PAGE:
Start researching your local news paper, LOCAL craigslist for real cars available for sale in your area that same make, model, year…approximate same mileage. Your insurance company will provide you with what it thinks is a good/fair value for your car. If you disagree and want more money, you need to have some evidence of why they should give you more money. They can send someone out to look at the comparable cars for sale that you found to make sure it is not better than your car. Just realize that often what someone ask for in an ad is not what it would sell for, but it is a starting point.
If there were any injuries in the accident, you will have a Bodily Injury claim against the other insurance company for medical bills, lost wages, pain and suffering. Your insurance company can not help you legally pursue the other party. They can help defend you from a lawsuit, but not help you go after someone else.
In CA, the statue of limitation for settling an injury claim is 2 years, but you might want to check with your company about the laws where you are.
I have not been in claims for 12.5 years….been an agent for the past 12.5 years.
Hope this helps you out and please feel free to ask me any questions.
-TonyFeb 10, 2011 at 12:20 pm #1695027
Thanks for the info everyone. My insurance directed me to contact the other insurance company since they are accepting full liability. Before that happened, I had the car inspected with a shop my insurance company recommended. After the inspection the guy who inspected it told me that mercury would likely total the car based on the damage and cost of repair and recommended I start looking up values of similar cars in the area to make sure I get a good settlement.
I've contacted the other insurance company to get everything settled. They're paying for a rental and have asked me to get the car inspected. I'm guessing they'll come to the same conclusion and total the car. Its an older car and there's a lot of damage. I'd rather just negotiate with the insurance regarding the actual cash value of the car rather than have it fixed or buy it back from them and fix it.
I've already been researching the value of similar cars in the area, so it seems I'm on the right track. The other insurance company said a "medical" claims adjuster would be contacting us regarding my wife's injuries. I'll be careful with them because I'm sure they're looking to make a small pay out and limit liability. Right now my wife is going to the chiropractor and getting massages due to soreness and some back pain.
Filing a lawsuit will be a last resort decision. I'm an attorney and can handle that if I need to, but I'd rather not take it that far.Feb 10, 2011 at 12:54 pm #1695038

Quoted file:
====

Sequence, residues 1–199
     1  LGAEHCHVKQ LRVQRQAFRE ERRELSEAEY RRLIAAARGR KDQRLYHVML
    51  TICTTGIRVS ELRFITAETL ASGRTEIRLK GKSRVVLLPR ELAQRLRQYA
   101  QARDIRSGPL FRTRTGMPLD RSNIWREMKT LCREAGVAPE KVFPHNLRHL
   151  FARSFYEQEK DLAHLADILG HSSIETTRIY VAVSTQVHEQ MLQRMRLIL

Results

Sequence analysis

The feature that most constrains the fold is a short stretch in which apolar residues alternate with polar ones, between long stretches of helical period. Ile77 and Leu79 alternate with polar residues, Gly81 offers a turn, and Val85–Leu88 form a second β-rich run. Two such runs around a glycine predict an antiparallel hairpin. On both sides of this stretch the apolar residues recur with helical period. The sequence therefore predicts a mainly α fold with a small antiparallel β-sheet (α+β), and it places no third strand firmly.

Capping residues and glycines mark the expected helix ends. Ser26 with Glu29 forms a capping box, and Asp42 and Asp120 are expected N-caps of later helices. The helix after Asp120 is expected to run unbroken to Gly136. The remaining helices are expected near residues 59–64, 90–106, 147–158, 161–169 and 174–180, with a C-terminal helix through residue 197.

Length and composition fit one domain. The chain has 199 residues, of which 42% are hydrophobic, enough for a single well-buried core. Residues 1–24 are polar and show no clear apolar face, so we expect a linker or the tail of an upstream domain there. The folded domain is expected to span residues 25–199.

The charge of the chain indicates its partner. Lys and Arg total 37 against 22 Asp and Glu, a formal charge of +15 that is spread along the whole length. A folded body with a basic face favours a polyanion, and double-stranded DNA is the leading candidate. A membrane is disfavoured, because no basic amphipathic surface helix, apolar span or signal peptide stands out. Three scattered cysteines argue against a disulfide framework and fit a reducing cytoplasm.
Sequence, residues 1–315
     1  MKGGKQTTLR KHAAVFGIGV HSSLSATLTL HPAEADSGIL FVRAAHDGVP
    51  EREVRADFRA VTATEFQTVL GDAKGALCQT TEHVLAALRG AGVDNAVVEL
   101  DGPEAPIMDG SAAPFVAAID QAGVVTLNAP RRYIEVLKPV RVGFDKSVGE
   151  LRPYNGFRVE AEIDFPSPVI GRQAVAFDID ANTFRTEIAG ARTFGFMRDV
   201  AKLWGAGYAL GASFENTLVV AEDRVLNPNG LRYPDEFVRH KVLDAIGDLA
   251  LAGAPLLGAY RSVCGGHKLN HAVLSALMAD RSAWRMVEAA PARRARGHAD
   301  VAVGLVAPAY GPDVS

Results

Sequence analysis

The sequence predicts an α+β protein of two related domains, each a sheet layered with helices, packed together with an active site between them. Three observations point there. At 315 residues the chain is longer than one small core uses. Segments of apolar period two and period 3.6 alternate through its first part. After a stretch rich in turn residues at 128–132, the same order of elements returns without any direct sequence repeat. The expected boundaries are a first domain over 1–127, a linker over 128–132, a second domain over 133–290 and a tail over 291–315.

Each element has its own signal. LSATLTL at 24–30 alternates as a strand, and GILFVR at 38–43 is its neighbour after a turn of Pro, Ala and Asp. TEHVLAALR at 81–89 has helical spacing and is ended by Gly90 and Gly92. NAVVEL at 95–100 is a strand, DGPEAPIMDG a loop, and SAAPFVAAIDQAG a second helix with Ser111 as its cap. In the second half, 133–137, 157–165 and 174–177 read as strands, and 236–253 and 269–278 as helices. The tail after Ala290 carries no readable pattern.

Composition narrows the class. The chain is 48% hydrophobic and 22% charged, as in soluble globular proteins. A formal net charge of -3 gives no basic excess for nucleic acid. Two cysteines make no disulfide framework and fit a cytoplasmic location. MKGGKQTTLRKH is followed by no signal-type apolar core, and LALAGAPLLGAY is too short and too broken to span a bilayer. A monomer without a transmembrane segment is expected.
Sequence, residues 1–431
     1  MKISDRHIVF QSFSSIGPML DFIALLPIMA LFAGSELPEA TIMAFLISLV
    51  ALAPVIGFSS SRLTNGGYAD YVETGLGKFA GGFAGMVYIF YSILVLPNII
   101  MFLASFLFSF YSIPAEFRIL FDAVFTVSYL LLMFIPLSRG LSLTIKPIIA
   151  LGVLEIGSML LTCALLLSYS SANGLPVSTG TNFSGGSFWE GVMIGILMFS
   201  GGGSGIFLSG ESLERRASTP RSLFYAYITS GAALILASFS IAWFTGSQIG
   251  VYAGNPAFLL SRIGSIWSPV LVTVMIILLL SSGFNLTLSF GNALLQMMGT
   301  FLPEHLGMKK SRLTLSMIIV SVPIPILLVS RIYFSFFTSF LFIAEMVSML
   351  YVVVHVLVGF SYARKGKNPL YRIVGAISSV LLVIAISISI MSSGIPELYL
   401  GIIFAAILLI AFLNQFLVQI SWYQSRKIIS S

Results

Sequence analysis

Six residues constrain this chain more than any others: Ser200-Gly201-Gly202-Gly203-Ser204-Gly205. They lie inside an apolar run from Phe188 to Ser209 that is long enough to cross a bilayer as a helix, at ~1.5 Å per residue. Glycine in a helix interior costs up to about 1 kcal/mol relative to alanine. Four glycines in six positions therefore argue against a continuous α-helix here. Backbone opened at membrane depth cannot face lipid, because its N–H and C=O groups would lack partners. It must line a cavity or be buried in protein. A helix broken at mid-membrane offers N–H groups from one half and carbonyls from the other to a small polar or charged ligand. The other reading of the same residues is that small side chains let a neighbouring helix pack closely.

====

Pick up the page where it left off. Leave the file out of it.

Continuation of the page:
@obxcolaLocale: Outer Banks of North Carolina
Tony; all that and great trip reports too! I loved the report on Deadmans.
David, (and Tony) You are certainly correct re: the title reflecting salvage and a total loss. I meant to add this in the earlier but forgot. Always felt like this was a cheap shot from the Insurance Co (and State) since in my case the damage was totally cosmetic. My Tacoma at the time was 9 years old and had @ 50K miles and was in mint condition so the total loss wasn't a true reflection of the value; but then I was being shorted on the repair. The salvage was the only thing kept it from being a bad loss but since I really like that vehicle and plan to drive it till the wheels fall off things worked out though every year when I renew the registration and get that total loss/ salvage registration it's like a little pinprick of a reminder.Feb 10, 2011 at 12:56 pm #1695039
@valsharLocale: San Francisco Bay Area
The good thing is that the other carrier has accepted liability.
I believe that in the case of children that are injuried in an accident, the statute for time for a claim is extended to the age of 18.
Does not sound like you have anything serious, but thought I would add what I think I know.
If the other company is smart, they should take care of you and make you happy on the loss of your car, given that your wife is pregnant.
Good luck to you on your claim.
Glad you liked the Trip Report….Deadman Canyon was an amazing place.
If you can get out there, it is worth it.
As for your claim, seems odd that they totalled the vehicle, unless it simply depreciated like crazy. You had low mileage and it was in good shape. That said, if you had multiple panels of your car damaged, the cost can sky rocket.
Last year, we had a client jump the curb with a X5 BMW and hit our building- wedgeing the car between our building and a column.
Both sides of the car were scrapped up pretty good….mechanically, the vehicle was sound but it was a total loss.
-TonyFeb 27, 2011 at 10:16 pm #1702525
I’m glad all’s well with your wife. Please make sure to add the cost of her medical tests post this accident to your claims bill. Also, any car rental, and wages lost due to her being away from work. Car insurance companies certainly expect all these to form part of your claim anyways though they might not be very forthcoming with the information initially.